The more you practice the better your photographs will get.Once you're able to perfectly Photograph the full moon, then you can even photograph the moon during it's various phases of waxing and waning.

Here is my best photo of the moon and I've also attached the photo details with it.


do post your photo of the moon when you try it out! :)

Also, If you like this instructable then please do vote for it in the 'Photography Contest'.

Comments

Dwargh (author)2017-07-13

Nice i'ble. Maybe I'm gonna try it at the next weekend. :)

As far as I know, the amount of ISO depends on the model of the DSLR your are using. Must be handled individually.

A good rule of thumb:
ISO 100-200 - Daylight, shining sun, bright rooms/halls
ISO 400-800 - Cloudy skys, early evenings
ISO >800 - At night, dark indoor

PiotrM7 made it! (author)2017-04-18

Good instructable. DSLR give good results, but You can use cheap camera. In my opinion most important is weather. Clouds, vibrating air after hot day, pollutions above factory, its big problem during night photo. My photos were taken Fujifilm FinePix HS10 camera, and postprocesing only IrfanView. Because my tripopd is as cheap as camera, usually i make night photo using selftimer. You have my vote.

advaym (author)PiotrM72017-04-19

Your photos are brilliant!
especially the one with the crescent moon, the craters look so beautful!

congratulaitions.

PiotrM7 (author)advaym2017-04-20

Thank You

ThirdEarthDesign (author)PiotrM72017-05-16

Yupp that is a great photo!

Philbert D (author)2017-04-16

Good info, especially the shutter speed/aperture.

One comment - on several occasions, you mention something to the effect that a DSLR will somehow automatically take better quality pictures than other types of cameras. If you were meaning that a 100% automatic camera would have limitations due to its lack of settings, that's applicable. If, on the other hand, you're trying to say that the something about a DSLR's imaging capability is inherently superior to other types of cameras, that's unsubstantiated. A high end adjustable "point and shoot" with a good, name brand lens system will produce higher quality images than an inexpensive DSLR. A DSLR is desirable for a number of reasons, but absolute optical quality is not necessarily one of them.

advaym (author)Philbert D2017-04-16

I basically meant that on a DSLR it is possible to control all setting of the camera and change them to suit our purpose!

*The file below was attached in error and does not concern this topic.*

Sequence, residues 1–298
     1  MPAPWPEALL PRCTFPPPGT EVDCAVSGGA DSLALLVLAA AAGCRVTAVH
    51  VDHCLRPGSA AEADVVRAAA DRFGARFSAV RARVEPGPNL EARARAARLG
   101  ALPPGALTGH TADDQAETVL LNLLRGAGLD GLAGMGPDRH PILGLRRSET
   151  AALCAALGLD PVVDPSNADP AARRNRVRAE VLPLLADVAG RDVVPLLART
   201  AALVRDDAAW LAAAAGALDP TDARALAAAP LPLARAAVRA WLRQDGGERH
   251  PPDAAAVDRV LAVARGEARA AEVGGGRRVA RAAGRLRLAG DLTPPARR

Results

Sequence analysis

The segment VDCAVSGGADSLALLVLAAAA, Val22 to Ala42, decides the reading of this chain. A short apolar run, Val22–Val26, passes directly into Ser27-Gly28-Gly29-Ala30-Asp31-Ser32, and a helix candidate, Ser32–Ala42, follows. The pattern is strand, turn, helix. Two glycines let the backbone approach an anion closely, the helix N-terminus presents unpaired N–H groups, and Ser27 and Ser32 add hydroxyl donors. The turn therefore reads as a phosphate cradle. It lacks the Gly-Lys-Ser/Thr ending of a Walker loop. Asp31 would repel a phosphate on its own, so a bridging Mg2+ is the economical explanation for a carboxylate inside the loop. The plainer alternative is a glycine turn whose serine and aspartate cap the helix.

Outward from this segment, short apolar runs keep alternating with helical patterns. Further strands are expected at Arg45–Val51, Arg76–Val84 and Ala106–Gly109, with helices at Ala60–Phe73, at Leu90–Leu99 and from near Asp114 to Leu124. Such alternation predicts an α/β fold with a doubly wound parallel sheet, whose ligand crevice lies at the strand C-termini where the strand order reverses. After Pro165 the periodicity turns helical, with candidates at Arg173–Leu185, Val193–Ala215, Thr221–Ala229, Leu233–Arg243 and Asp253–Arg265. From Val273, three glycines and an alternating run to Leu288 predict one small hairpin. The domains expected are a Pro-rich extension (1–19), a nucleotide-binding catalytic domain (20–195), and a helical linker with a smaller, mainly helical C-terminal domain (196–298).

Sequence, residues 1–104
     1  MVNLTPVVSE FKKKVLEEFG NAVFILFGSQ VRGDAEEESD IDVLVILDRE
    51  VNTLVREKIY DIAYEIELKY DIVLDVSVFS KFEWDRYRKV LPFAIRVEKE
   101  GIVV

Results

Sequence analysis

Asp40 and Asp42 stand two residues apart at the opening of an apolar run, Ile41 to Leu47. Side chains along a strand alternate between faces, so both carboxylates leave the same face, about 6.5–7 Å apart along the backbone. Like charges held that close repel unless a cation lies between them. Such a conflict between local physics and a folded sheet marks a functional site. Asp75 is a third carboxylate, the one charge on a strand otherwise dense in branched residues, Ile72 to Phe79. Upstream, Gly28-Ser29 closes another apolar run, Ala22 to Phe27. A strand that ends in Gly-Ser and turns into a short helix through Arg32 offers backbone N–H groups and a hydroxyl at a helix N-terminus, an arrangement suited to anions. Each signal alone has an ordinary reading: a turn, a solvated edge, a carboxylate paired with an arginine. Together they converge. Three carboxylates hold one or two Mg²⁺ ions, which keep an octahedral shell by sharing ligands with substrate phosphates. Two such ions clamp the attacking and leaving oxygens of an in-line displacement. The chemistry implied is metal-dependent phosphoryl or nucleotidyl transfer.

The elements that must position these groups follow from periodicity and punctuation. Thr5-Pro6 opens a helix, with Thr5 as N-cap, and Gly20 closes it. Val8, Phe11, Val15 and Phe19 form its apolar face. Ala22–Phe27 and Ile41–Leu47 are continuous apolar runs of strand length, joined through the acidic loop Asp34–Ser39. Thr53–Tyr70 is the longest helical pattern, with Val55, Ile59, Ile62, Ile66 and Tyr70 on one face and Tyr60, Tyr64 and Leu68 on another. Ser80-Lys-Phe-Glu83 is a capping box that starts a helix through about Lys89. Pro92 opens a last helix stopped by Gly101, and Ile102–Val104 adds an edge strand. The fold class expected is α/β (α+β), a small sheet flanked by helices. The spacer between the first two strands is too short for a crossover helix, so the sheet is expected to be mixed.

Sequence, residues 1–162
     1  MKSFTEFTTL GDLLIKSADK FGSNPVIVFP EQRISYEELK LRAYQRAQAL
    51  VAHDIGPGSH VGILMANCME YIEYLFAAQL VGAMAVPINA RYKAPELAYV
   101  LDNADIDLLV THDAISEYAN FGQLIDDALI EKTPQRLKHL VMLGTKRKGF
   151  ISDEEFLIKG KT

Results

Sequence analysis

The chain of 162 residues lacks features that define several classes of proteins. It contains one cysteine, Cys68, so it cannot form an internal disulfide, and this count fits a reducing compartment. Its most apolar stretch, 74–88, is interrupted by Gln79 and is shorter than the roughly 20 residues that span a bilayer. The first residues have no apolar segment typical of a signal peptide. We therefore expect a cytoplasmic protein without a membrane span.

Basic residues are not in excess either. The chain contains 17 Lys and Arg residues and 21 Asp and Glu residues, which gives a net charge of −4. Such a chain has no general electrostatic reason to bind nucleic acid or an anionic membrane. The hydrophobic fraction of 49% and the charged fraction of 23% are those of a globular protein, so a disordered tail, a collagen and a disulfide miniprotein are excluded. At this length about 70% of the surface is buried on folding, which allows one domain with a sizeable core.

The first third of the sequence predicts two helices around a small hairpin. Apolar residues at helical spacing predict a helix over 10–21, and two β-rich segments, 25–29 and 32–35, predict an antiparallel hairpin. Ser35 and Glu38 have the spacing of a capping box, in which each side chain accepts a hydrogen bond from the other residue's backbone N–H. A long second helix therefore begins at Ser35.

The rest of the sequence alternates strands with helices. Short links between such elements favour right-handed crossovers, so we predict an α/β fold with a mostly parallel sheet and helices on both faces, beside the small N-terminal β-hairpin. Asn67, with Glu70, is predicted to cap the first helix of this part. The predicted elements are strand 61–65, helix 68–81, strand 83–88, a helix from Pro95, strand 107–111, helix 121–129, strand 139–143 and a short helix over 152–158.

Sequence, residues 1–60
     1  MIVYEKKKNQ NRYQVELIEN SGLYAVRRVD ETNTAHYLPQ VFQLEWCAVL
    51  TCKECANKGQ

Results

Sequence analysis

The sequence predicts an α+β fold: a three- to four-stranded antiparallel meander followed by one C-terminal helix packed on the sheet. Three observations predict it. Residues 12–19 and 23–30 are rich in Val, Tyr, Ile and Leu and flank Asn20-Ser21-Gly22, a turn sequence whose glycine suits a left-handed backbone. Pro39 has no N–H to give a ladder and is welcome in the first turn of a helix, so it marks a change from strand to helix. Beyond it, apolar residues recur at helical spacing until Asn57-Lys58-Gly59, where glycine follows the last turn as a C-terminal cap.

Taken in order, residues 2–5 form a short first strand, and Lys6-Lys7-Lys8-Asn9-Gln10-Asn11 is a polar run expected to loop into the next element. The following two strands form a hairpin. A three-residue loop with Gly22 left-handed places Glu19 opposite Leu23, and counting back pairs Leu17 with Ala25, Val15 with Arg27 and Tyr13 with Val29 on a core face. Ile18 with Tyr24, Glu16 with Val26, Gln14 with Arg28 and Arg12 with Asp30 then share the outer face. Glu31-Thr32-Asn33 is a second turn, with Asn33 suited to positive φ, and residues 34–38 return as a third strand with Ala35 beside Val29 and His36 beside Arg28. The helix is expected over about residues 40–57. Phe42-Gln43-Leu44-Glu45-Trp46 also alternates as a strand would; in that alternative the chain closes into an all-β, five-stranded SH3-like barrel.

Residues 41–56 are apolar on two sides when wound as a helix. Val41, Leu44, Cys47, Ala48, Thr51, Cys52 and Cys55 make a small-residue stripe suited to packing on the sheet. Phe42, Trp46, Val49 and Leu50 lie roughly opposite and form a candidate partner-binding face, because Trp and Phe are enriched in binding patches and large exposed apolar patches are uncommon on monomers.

and yes i do agree that a super high end point and shoot can at times produce better images than a low end DSLR.

pudtiny (author)advaym2017-04-22

Nice instructable. I use a bridge camera all the control, longer zoom but non of the weight of a DSLR. I have often found the Manual focusing to infinity and then backing off by one increment gives good focus results.

lfoss (author)advaym2017-04-17

Oh, and here is my moon picture from wayyyy back in January 2009. It was taken with a Nikon D50 DSLR (their cheapest / crappiest model available at that time) and the 55-200mm 'kit lens' that came with it (also pretty horrible). I don't believe there was any post processing done to it at all, other than cropping the vast amounts of black space around it in MSPaint. Haha. So this is basically how it came 'off the camera'. The EXIF data seems to have been stripped away from the file, but I'm pretty sure I was shooting with the aperture wide open (which was only f/5.6 at 200mm zoom on that lens) and then just adjusted the shutter speed until I got an exposure that made me happy. The picture is maybe a tad over-exposed, but I had just got the camera (my first DSLR) for Christmas and was pretty new at this stuff (and didn't know about .NEF / .RAW mode), so I think it came out okay!!

lfoss (author)Philbert D2017-04-16

"If, on the other hand, you're trying to say that the something about a DSLR's imaging capability is inherently superior to other types of cameras, that's unsubstantiated"

Actually, this is most definitely *not* unsubstantiated. A DSLR camera generally has an image sensor 10 to 20 times larger than a 'point-and-shoot' camera. This has nothing to do with how many "megapixels" the camera has. It has to do with the size of the individual photoreceptors on the sensor. The photoreceptors on a DSLR image sensor are *much* larger than those of a point-and-shoot camera. This means that they are more sensitive to light and therefor the camera does not have to provide nearly as much 'gain' to the raw sensor data to produce an image (*ALL* digital cameras do this, BTW). This results in images that have: better contrast, better sharpness, better color reproduction, etc.

Obviously, the quality of your lens will also play an important role, but it is the larger sensor size of DSLR cameras that give them an advantage over the tiny image sensors found in point-and-shoot cameras.

I would recommend doing a Google search such as "why sensor size matters" and read up on this before YOU make unsubstantiated claims on why you *think* that all cameras are created equal. They are not. Facts will always out-weigh opinion.

advaym (author)lfoss2017-04-16

Thanks for weighing in with all the technical details! :)

MartyK1 (author)2017-04-17